Interview: Southern Resident killer whales, fisheries, whale watching and the need for enforcement

Adam Stirling, CFAX 1070, and Raincoast’s Misty MacDuffee, Biologist and Wild Salmon Program Director, discuss the new recommendations for an emergency order to protect the Southern Resident killer whales.

Two Southern Resident killer whales in the Salish Sea, with CFAX logo and Misty MacDuffee in the foreground

Photo by NOAA.

Last week, Raincoast Conservation Foundation and the David Suzuki Foundation made a joint call for action to save the Southern Resident killer whales. This call for action was made to the new Minister of Fisheries and Oceans Jonathan Wilkinson to immediately close recreational and commercial marine Chinook fisheries, to suspend all commercial and recreational whale watching targeting the Southern Residents, and to actively enforce these measures.

Adam Stirling, from CFAX 1070, had Raincoast’s Misty MacDuffee on to speak about this revised call for an emergency order, and the crisis that the Southern Resident killer whales are in due to depleted wild Chinook salmon populations, vessel noise and disturbance in the Salish Sea, and other contributing factors.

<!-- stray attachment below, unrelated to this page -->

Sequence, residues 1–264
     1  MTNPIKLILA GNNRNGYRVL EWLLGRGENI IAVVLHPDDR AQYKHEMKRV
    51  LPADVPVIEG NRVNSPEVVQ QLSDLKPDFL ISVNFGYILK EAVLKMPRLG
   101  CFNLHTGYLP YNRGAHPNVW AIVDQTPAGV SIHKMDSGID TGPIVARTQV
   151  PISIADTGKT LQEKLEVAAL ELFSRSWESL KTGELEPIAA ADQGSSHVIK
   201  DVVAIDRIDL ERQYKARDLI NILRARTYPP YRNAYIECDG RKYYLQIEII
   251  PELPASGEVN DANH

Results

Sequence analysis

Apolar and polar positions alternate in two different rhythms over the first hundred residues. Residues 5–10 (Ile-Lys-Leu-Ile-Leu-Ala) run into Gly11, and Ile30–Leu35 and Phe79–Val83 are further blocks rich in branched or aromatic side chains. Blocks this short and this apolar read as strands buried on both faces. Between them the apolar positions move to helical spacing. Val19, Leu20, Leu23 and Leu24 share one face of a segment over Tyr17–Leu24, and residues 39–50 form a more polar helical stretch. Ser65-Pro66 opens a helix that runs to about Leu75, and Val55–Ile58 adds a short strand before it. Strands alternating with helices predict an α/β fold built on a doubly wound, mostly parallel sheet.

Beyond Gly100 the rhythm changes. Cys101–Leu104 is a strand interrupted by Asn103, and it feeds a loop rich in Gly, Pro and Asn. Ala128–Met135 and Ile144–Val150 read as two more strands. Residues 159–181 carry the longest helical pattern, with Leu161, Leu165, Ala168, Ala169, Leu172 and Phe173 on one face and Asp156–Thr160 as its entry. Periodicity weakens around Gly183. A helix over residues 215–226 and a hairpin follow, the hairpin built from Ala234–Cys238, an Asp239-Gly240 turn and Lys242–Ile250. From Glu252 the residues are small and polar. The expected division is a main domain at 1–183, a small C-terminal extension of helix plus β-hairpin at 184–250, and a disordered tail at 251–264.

Take a listen.

 

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CFAX 1070 logo

Misty MacDuffee, biologist and program director.

Misty MacDuffee, Wild Salmon Program Director

Misty is a biologist and the Program Director of Raincoast’s Wild Salmon Program. Her most recent publication, with co-authors at Raincoast & the University of Victoria, identifies the importance of habitat mosaics for fish in the Fraser River estuary. She is dedicated to the long term survival of finned, furred, and feathered creatures.